Among his current assignments, Moen is helping Privateer avoid legal pitfalls as it pushes into the cultivation of medical weed in Canada - a significant leap for a firm that has until recently invested solely in enterprises on the fringes of the marijuana trade.
The pay and benefits of his new job are ‘close to a wash’ with his previous position, Moen says, but include stock options in a company aiming to become an industry cornerstone.
Moen's value to Privateer likely will come in guiding the company on how to steer clear of activities that raise red flags with federal authorities, said Hilary Bricken, a Seattle-based marijuana business lawyer.
‘It's extremely ironic,’ she said. ‘You go from cracking skulls to supporting the very effort that you once vowed to entirely destroy.’
Seattle-based DEA Special Agent in Charge Matthew G. Barnes, the top-ranking DEA official in the Pacific Northwest, called Moen's career change an act of abandonment.
‘It is disappointing when law enforcement officers, sworn to uphold the laws of the United States with honor, courage and integrity, abandon their commitment to work in an industry involved in trafficking marijuana,’ Barnes told Reuters in a statement.
Underscoring the divide between the DEA and an emerging pot industry sanctioned by states, the agency's chief of operations, James Capra, on Wednesday denounced the movement toward ending pot prohibition at a U.S. Senate hearing as ‘reckless and irresponsible.’
But Moen said not all his former colleagues have reacted negatively to his move.
‘I've gotten a lot of support from former colleagues,’ Moen said. ‘I wasn't sure how guys were going to react and it's been really great.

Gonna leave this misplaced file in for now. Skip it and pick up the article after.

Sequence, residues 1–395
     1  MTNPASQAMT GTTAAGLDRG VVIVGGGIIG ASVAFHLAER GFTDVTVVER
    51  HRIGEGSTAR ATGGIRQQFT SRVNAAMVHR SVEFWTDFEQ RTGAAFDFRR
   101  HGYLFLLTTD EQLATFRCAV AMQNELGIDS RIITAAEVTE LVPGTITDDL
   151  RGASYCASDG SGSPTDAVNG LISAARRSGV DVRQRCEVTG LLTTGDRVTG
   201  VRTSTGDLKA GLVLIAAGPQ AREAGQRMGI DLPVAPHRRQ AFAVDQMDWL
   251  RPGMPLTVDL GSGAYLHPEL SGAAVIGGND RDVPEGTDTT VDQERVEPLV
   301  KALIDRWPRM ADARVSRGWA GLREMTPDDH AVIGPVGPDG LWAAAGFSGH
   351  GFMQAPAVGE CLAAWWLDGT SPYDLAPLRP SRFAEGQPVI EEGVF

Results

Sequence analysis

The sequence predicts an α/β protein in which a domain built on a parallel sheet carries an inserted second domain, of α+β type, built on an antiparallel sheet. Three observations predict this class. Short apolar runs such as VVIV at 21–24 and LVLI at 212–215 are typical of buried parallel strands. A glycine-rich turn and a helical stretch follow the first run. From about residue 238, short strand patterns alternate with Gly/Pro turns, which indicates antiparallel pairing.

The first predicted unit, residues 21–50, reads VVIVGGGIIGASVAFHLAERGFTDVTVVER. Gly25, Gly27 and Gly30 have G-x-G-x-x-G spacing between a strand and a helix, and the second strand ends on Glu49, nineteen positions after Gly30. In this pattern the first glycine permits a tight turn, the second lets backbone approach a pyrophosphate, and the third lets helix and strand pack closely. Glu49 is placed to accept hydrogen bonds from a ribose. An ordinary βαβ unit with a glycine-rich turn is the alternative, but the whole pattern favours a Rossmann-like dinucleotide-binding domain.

ROBERT M. GATES -- WAR IS A BUSINESS AND BUSINESS IS GOOD
"All About Money,” on KZYX returns to the air on Friday, January 24, 2014, at 9 a.m., Pacific Time, with another show in our series, “War is a Business, and Business Is Good.” We'll give listeners new insights and information about Robert Gates, former Secretary of Defense and former Director of the Central Intelligence Agency.
Gates's new memoir, “Duty", is controversial, at best.
Our guests are Melvin Goodman and Robert Parry. We are also trying to get Daniel Ellsberg to call into the show. (We'll know soon.)
Our broadcasts may be heard at 88.1, 90.7, and 91.5 FM in the Counties of Mendocino, Humboldt, Lake, and Sonoma in northern California.
We also stream live from the web at www.kzyx.org
Shows may also be archived at the KZYX website and the Public Radio Exchange (PRX).
Robert Gates was the 22nd United States Secretary of Defense from 2006 to 2011. Gates also served for 26 years in the Central Intelligence Agency and the National Security Council. Under President George H. W. Bush, Gates was Director of the Central Intelligence Agency (CIA).
In the opinion of his critics, Gates is the guy who is responsible for the decline and fall of the CIA. It used to be that intelligence work was an honorable profession, like the military. Spies and soldiers used to be heroes. They fought real enemies in real wars, like the Nazis in WWII. They served our country.
But ever since Gates started to manipulate, and even falsify, intelligence to meet the political objectives of the White House, starting with the Iran-Contra Scandal during the Reagan Administration, and leading up to the big lie of the weapons of mass destruction in Iraq during the Bush Administration, the intelligence community has been mistrusted. The military played along with the gag, and now, the military, too, is similarly mistrusted.
The losers from all the lies? The United States.
The only winners from all the lies? You guessed it. The defense industry. The intelligence industry.
More than a decade after 9/11, the United States still fights the exorbitantly expensive, over-hyped, often make-believe, so-called “war on terror,” which did not start, but which wildly escalated on 9/11. It is a war without end. It is a war declared on a phantom and ubiquitous enemy. Our enemy is nowhere and everywhere.
Bin Laden is dead, yet we continue to spend hundreds of billions of dollars on the war on terror.
We fight this war, because war is the engine of the American economy. It has been that way ever since President Eisenhower warned about the military-industrial-congressional complex in his last speech from the White House in January, 1961.
War is a business, and business is good.